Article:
Speaking another language can be challenging, especially if you have been monolingual all your life, but being bilingual can open career doors that might otherwise have remained firmly shut.

Children who grow up in bilingual or even trilingual families quickly learn those languages at an early stage, being sponges who soak up the different ways of communicating. That creates an advantage for such individuals when choosing a career over people who only speak one language.

However, with the right application and hard work you can equip yourself with new language skills, and if English isn’t your first language you can use High Q courses to help put you in the driving seat when it comes to seeking to advance your career. There are significant benefits to bilingualism when it comes to work, so here are some of the reasons you should seriously consider the prospect.

Bagging the interview

Many companies are global operations and they need employees who are able to work in more than one language. Although English is generally accepted as the lingua franca of business, the ability to speak Spanish, Russian, Chinese, French or many other languages can put you at the top of the interview list. Employers want people who can understand different cultures and are able to converse fluently in another language because it makes them more versatile and a greater asset. The world is multicultural and being bilingual gives you the edge over other applicants who don’t have your skills.

Boost your earnings

Companies are more likely to want to keep you when you have additional language skills, especially when they have offices in a number of different countries. The chances are they will offer pay incentives to ensure you stay with them, so using your language skills whenever you can will demonstrate the added value you bring to the business.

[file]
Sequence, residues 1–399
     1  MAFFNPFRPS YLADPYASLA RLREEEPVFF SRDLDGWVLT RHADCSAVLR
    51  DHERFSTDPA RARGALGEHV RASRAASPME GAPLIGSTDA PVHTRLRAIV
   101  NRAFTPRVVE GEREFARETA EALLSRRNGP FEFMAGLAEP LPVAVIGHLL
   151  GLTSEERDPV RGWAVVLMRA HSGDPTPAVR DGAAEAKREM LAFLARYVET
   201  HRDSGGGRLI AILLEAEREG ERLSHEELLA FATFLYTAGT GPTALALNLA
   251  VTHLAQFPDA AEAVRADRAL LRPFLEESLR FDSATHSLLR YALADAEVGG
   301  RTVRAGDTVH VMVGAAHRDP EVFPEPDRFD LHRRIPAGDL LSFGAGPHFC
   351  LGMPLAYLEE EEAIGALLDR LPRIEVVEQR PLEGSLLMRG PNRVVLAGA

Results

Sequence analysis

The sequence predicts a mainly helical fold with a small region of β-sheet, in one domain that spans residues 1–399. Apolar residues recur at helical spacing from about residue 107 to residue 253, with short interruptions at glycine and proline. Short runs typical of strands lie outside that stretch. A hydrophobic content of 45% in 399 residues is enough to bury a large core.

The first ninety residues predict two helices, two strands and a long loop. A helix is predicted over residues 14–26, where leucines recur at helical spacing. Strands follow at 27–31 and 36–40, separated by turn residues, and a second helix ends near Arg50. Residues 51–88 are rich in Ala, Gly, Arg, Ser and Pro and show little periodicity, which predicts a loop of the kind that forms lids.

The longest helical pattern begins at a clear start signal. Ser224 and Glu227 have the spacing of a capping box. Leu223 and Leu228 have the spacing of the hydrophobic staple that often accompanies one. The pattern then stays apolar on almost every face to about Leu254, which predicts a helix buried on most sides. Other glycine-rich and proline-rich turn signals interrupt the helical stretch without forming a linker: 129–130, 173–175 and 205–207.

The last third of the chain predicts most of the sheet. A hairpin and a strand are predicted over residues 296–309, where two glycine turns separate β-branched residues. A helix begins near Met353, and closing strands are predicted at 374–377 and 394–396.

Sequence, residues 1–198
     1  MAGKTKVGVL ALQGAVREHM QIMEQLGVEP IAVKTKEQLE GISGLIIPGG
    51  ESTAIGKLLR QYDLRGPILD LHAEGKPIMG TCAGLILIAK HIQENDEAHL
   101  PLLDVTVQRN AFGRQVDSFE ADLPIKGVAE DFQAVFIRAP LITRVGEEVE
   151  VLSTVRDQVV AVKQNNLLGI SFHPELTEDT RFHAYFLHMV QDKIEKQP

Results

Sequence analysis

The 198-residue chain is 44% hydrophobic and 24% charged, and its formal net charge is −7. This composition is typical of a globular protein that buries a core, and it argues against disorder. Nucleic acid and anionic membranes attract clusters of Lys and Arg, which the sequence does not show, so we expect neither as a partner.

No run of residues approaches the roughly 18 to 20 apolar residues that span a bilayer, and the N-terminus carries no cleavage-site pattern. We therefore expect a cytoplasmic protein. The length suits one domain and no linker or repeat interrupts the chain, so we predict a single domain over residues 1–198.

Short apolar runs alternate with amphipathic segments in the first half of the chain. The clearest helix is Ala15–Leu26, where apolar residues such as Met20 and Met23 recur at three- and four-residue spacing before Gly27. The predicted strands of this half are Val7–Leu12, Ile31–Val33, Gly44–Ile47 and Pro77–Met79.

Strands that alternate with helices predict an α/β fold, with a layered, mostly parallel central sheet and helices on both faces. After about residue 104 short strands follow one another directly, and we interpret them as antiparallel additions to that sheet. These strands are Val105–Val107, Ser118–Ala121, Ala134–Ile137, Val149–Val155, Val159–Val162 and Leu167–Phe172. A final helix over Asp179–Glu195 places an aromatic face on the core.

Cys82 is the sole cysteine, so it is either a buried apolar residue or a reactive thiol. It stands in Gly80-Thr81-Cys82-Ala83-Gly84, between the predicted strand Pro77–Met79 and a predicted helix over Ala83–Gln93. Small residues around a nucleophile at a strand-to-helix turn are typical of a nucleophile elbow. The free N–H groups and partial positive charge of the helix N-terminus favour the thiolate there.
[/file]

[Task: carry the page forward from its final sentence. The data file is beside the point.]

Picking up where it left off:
Understand your adaptability

You may enjoy your current job but might be looking for other options. With a second language you could be asked to work abroad in an appropriate office or look for a new area of work as a translator or interpreter, jobs that are in huge demand. In terms of work abroad if Spanish was your second language you could work in practically every South American country as well as Spain and Mexico.

The travel and tourism industries are also large employers of bilingual workers so if you were looking for a complete change of scene, and potentially a lot of travel, your skills will be needed.

Creative solutions

All languages differ as do the thought processes you engage when learning and speaking a new language. This gives you creative ways to think about solving problems that come up. Sometimes just considering a problem in a second language can lead to an outcome through analysis and logic, having to think through an issue in a different way to using your mother tongue.

The world is your oyster

Globalisation has shrunk the world in terms of business and communication so being bilingual certainly gives you a head start in terms of developing your long-term career.